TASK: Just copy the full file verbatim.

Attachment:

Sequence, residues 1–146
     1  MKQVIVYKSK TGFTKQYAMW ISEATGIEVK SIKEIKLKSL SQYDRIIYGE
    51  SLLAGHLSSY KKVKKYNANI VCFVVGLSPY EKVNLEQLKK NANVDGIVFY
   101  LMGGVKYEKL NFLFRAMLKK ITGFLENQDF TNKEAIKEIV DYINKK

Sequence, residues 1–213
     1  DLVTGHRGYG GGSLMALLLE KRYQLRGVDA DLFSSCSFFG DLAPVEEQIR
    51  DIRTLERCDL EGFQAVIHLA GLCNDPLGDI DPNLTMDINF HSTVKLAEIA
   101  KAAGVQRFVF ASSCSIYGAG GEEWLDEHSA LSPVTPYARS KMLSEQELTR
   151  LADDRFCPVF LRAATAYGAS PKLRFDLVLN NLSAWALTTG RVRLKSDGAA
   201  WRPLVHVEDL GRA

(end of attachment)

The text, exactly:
Sequence, residues 1–146
     1  MKQVIVYKSK TGFTKQYAMW ISEATGIEVK SIKEIKLKSL SQYDRIIYGE
    51  SLLAGHLSSY KKVKKYNANI VCFVVGLSPY EKVNLEQLKK NANVDGIVFY
   101  LMGGVKYEKL NFLFRAMLKK ITGFLENQDF TNKEAIKEIV DYINKK

Sequence, residues 1–213
     1  DLVTGHRGYG GGSLMALLLE KRYQLRGVDA DLFSSCSFFG DLAPVEEQIR
    51  DIRTLERCDL EGFQAVIHLA GLCNDPLGDI DPNLTMDINF HSTVKLAEIA
   101  KAAGVQRFVF ASSCSIYGAG GEEWLDEHSA LSPVTPYARS KMLSEQELTR
   151  LADDRFCPVF LRAATAYGAS PKLRFDLVLN NLSAWALTTG RVRLKSDGAA
   201  WRPLVHVEDL GRA